Flight of the Living Dead
Directed by Scott Thomas
Written by Sidney Iwanter,Mark Onspaugh
Starring David Chisum, Kevin J. O'Connor, Kristen Kerr, Raymond Berry
Produced by David Shoshan, Scott Thomas
Okay..."Flight of the Living Dead: Outbreak on a Plane" sounds like a horrible, horrible idea. Like someone at New Line decided, several months too late, to cash in on the surprising success of "Snakes on a Plane". Meanwhile, "Flight of the Living Dead" seems to be mostly about a flight about to be overrun by zombies due to a highly unauthorized, illegal, immoral, etc. project currently in the cargo hold. Which is about what you'd expect out of something like this--I kept wondering if I was going to hear "trioxin" or "venus probe" referenced first. Oh, and as it turns out...it's going to be malaria that's the impetus this time around. I've heard everything from mad cow disease to flesh-eating bacteria responsible for making zombies, and eventually they're going to get down to like the mutant common cold or something. Within the next twenty years, at this rate, someone's going to stub their toe and kick off Zombie Apocalypse.
Augh! I've got a hangnail and the damndest...craving for...braaaaaains! Despite the sheer unoriginality of the work, there's actually quite a lot to be said for "Flight of the Living Dead". One, despite the fact that there isn't any real zombie action (except for the first one, briefly seen) for the first half-hour, they still manage to keep things up and moving via the simple expedient of having the plane go through a hellacious thunderstorm. Also, they threw in several smaller subplots--some infidelity among couples, a prisoner in transport--to spice things up a little amidst all the zombie action. That, and a truly hyperkinetic last half of the film is really going to ratchet things up nicely. People are getting lunched up left, right and center on this sucker and it's actually pretty amazing. The down side on this movie is fairly extensive--logic suffers horribly as the characters will fire off a panoply of nine-millimeter rounds and never manage to puncture the hull or cause a loss of cabin pressure. Zombies are easily identifiable by the contact lenses they've all been given to wear, and I don't really think a plane's floor should be so thin it can be punched through by the recently deceased.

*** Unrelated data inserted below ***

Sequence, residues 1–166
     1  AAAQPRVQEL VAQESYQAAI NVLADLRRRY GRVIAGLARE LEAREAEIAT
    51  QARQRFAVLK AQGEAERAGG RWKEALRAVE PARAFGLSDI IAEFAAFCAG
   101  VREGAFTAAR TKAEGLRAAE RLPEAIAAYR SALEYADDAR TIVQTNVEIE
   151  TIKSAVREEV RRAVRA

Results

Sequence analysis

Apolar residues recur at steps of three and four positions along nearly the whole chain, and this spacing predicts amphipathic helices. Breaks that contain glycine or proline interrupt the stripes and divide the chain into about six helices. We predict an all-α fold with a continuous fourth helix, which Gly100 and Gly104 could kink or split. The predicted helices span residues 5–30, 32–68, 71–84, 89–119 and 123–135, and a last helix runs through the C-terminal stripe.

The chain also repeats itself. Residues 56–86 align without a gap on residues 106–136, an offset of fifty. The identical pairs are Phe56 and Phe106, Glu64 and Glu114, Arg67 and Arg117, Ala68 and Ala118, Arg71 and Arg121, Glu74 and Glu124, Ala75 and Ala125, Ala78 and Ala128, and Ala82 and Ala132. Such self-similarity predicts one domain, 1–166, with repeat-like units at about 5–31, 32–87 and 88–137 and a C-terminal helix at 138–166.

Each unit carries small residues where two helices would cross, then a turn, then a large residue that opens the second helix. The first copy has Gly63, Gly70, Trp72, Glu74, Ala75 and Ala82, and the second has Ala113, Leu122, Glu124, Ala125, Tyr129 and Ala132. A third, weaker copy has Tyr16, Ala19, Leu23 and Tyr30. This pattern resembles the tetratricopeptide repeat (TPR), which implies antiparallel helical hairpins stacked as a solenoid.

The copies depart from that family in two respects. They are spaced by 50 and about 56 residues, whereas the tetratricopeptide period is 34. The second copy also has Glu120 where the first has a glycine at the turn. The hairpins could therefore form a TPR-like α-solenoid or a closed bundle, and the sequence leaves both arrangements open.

Meanwhile, the zombies themselves are wrong for all sorts of reasons. They talk, they run, they jump, they create cogent ambushes--all things actual zombies really should not do. There is only one real zombie, all right? That is the zombie created by George Romero himself, and don't let anyone tell you different.
Romero is the real zombie maker. Everyone else is just a sad little imitation.
The ending is actually even more frenzied than the first half, and will even have a little bit of humor in it.
The special features include DVD-ROM features, several audio commentary tracks, an outtake reel, and trailers for "Full of It", "The Butterfly Effect 2", "Believers", and for some reason, the game "Flatout: Ultimate Carnage".